FYI does a deep dive into the world of dating in Pakistan.
Conventionally and traditionally, the idea of dating around the world denotes a period of two people getting to know each other before deciding on whether to embark upon a commitment based relationship or not. The concept we find in Pakistan, however, seems vastly different. For one thing, in most cases it relates directly to the pursuit of marriage.
When men and women are dating with the very definitive end goal of marriage, and marriage alone in mind – can such a concept work? Or does it defeat intrinsically the very purpose of what dating is supposed to entail?
What is important to remember here is that there are no standard norms to be applied. The crux of the matter depends on whose ideals we happen to be applying the concept of dating against.
For many, the world of dating in Pakistan remains a secret phenomenon. Sneaking out of the house, pretending you were talking to someone else on the phone when your parents walked in, glancing around cafes to make sure no aunty you know is sitting close by and so on and so forth.
One the other hand, for certain others, the concept of dating has adapted itself to local social customs and norms and evolved into somewhat acceptable forms. As globalization has made it possible for people to observe and adopt western customs and behavior like working mothers, trends and fashion, advertising and media – it has also opened up the ideas of new forms of relationships between members of the opposite sex before marriage in a way that had never existed with our previous generations.
In Pakistan, the average age in many urban circles of a man to get married is around 32-35 and for ladies its 27-32 which obviously suggests those individuals are sorting other aspects of their lives first rather than getting hitched at an earlier age.
Dating has also played its part in this sense. More and more people want to test certain waters, so to speak, before finally taking the marriage plunge.
If you think about it, the dating ‘process’ per se, makes sense. Time spent over a supper/espresso, a walk around the beach, a drive some place and back and the entirety of different things two individuals can do together is an incredible method to investigate the potential outcomes, which gives a chance to choose the most promising partner, knowing all about them and deciding whether you can live with that person for the rest of your life.
It is also imperative to look at the evolving ideals behind the modern day version of “rishta” and arranged marriages, wherein dating has become a common occurrence, with the consent and moreover, blessing of the parents. A great many families are realizing that the traditional rules of “rishta” are perhaps becoming just a little too antiquated now, and so therefore, arranged marriages have adapted and evolved. Now it is normal for men and women to be “set up” so to speak by their parents or aunts and uncles and are then proceeded to be given certain time and space to go out with each other and get to know each other before eventually tying the knot.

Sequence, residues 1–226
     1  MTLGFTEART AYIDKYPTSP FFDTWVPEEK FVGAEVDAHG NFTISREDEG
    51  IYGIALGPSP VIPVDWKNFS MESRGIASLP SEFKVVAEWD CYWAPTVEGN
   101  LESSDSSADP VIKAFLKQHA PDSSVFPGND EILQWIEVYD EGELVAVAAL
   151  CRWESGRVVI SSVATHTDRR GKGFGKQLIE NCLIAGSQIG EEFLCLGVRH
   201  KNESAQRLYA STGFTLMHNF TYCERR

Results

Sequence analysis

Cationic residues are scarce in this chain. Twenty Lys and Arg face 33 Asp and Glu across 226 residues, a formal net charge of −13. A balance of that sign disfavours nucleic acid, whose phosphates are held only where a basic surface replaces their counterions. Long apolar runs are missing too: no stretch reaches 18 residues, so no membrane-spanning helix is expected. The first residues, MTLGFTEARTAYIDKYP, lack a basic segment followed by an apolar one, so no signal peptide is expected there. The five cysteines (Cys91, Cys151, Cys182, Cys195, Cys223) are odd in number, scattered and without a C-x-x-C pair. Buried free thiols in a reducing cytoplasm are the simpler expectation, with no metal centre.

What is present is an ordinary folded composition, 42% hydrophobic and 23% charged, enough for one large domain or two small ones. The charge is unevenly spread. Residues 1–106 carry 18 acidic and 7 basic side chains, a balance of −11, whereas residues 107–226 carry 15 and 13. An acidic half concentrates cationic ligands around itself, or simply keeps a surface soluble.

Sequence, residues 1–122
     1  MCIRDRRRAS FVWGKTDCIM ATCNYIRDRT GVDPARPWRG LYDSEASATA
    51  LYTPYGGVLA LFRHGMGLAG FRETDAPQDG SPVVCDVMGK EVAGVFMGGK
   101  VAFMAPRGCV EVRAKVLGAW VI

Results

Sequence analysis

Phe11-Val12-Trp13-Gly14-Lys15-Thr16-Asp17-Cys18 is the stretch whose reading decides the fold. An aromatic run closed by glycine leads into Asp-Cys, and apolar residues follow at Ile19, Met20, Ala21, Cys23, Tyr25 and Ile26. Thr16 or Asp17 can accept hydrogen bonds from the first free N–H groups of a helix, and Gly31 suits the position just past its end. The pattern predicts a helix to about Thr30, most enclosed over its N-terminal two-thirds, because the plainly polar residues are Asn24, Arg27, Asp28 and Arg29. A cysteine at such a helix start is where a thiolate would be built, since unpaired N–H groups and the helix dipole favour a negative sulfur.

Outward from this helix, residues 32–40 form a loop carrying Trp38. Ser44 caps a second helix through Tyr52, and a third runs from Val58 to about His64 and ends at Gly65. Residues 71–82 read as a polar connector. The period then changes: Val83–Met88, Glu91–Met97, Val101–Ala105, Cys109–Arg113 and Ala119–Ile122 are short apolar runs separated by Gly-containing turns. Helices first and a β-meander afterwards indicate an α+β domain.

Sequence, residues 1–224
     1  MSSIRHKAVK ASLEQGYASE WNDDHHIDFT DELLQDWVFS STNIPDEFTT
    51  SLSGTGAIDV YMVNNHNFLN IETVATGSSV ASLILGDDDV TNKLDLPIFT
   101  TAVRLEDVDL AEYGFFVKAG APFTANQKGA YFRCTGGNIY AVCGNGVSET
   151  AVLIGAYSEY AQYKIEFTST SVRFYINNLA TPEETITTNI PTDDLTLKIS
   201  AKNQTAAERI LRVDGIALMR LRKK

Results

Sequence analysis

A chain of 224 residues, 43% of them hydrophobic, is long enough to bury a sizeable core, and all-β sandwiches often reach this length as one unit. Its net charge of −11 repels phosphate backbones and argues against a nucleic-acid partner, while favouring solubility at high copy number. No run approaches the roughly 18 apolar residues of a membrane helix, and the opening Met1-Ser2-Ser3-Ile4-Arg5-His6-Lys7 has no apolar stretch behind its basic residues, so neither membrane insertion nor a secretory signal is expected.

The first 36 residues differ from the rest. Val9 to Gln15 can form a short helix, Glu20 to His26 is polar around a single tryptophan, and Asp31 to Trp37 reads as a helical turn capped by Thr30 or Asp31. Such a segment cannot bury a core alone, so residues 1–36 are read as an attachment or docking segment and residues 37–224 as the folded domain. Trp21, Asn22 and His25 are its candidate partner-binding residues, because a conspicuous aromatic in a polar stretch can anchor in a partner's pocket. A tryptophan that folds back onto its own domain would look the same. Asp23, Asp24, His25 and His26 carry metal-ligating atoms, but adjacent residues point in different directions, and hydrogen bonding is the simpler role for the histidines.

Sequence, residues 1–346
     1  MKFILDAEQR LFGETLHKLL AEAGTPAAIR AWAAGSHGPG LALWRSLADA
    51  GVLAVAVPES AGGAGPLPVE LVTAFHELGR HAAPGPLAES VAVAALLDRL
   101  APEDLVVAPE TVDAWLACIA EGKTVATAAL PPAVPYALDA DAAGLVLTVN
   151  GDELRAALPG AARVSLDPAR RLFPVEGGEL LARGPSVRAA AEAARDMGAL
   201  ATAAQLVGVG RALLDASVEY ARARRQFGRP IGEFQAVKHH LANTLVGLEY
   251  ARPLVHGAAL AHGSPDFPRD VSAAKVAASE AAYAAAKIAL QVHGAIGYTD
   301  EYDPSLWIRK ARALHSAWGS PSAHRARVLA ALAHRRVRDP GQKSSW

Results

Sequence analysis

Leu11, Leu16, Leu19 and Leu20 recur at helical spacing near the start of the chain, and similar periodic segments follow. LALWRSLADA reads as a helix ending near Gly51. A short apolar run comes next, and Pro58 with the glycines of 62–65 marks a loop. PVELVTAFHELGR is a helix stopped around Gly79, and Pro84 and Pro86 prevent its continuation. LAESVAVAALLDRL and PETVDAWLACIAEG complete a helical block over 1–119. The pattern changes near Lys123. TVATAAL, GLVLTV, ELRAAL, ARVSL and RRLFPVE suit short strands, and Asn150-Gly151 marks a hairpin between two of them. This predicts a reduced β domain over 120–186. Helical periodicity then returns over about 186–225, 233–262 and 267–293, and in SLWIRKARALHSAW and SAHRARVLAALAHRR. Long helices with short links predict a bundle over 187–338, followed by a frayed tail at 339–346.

However, there are certain caveats attached to this new evolution. A parent-orchestrated set up almost always comes with certain conditions and most importantly a certain time frame. In the case of a couple dating otherwise, if things were not to work out for whatever reason, they would call it quits and move on. But the moving on part becomes a little bit more difficult to manage in a “rishta dating” scene where if the boy and girl decide they aren’t quite meant for each other, they discover the more pressing task remains picking the one who eventually breaks the news to the parents! When the results aren’t quite as expected, things can go awry for all involved.
Which is also why a lot of parents now tend to leave the process entirely in their kids hands. Therefore, while expectations are still there, they are not so potent as they would have been had they actually been more heavily involved themselves.
Then there’s the social taboo side of it all.
Anila, a college senior, seemed adamant about the fact that girls are ‘victimized’ more than boys in our society, it is more of a taboo for them to be dating as this gives rise to suspicions about their virginity status and their virtue, which in our culture and religion is sacred to unmarried girl or women. When we inquired whether boys would be at the receiving end of such a ‘taboo’ she shook her head and said “no way what so ever. In our society the girl is expected to be the pure innocent virgin but boys are given a free range, they can have as many girlfriends as they want, sexual relationships, broken engagements, divorce, yet they are still at the end of the day considered a good catch if they come from a good family. Girls on the other hand, are labeled for life as loose women, sluts or used goods. Everyone thinks there is something wrong with the girl if an engagement is broken no matter whose fault is, everyone thinks that the girl is fast if she has had more than one relationship and everything she does is reflected on her family no matter how good a family she comes from.” Anila has been dating for three years and is currently in a long distance relationship with her boyfriend. They hope to get married after she graduates from college.